NBC’s Richard Engel Freed After Kidnapping in Syria

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Correspondent Richard Engel is awarded during the 68th annual George Foster Peabody Awards at The Waldorf=Astoria on May 18, 2009 in New York City.
Photo: Michael Loccisano/Getty Images

Richard Engel, the chief foreign correspondent for NBC, was released unharmed on Monday along with members of his news crew five days after they were captured in Syria, the network announced this morning. "It is good to be here," said Engel on the Today show, wearing the same clothes he was kidnapped in, with bandages still in his pocket. "I’m very happy that we're able to do this live shot this morning."

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Engel explained that he was embedded with Syrian rebels when unidentified gunmen ambushed them, executing one rebel "on the spot" and taking the rest as prisoners. "We weren't physically beaten or tortured. It was a lot of psychological torture, threats of being killed," Engel said. "They made us choose which one of us would be shot first, and when we refused, there were mock shootings. They pretended to shoot [NBC producer Ghazi Balkiz] several times."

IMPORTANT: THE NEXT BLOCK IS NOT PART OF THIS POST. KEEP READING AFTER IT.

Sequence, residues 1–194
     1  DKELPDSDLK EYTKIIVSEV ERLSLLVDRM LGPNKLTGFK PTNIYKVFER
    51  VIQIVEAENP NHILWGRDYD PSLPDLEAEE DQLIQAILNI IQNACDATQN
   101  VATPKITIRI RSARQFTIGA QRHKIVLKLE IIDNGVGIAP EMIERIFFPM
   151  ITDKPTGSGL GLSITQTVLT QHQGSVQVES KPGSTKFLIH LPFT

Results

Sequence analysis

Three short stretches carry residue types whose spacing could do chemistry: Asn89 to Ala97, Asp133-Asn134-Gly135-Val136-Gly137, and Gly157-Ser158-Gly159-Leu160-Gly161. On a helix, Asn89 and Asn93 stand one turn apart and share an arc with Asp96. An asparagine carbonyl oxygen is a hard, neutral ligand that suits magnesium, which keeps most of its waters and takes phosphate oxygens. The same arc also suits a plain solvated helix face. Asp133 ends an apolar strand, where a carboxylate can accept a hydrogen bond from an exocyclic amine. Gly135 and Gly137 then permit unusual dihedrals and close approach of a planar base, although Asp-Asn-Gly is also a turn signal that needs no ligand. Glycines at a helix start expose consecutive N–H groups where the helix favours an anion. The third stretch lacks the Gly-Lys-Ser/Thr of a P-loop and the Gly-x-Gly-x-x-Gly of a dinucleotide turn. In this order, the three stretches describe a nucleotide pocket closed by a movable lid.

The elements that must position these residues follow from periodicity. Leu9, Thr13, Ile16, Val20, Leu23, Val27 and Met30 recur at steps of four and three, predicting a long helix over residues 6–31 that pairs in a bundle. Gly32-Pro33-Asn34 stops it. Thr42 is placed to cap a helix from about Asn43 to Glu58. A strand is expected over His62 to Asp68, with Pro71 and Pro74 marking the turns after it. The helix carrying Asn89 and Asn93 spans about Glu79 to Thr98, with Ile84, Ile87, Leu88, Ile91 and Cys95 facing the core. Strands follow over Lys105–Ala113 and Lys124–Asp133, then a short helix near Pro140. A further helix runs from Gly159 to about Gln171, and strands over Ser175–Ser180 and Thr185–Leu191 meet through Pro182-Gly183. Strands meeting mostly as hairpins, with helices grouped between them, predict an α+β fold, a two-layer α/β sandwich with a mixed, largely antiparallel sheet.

The crew can be seen sitting huddled on the floor, begging their native countries to cooperate, in the below video. "I'd like to urge the United States government to do what it can to secure our release and to cease its activities in Syria," says Engel, presumably under duress.

The group was freed after a fight at a Syrian rebel checkpoint, in which two of their captors were killed and the rest escaped. Engel and his crew eventually passed safely into Turkey.

"The network said there was no claim of responsibility, no contact with the captors and no request for ransom during the time the crew was missing," NBC reports, but the network did attempt to keep the news of Engel's kidnapping as quiet as possible. While Turkish news reports turned into tweets and U.S. blog posts at sites like Gawker and Business Insider yesterday, NBC urged outlets to cooperate with a news blackout, a common occurrence when reporters go missing in hopes of not putting those at risk in any further danger.

In a statement, NBC "expressed its gratitude to those who worked to gather information and secure the release of our colleagues." On Today, Engel added, "While we're obviously very happy, there are many people who are still not at liberty to do this kind of thing. There are still hostages; there are still people who don't have their freedom inside Syria. We wish them well."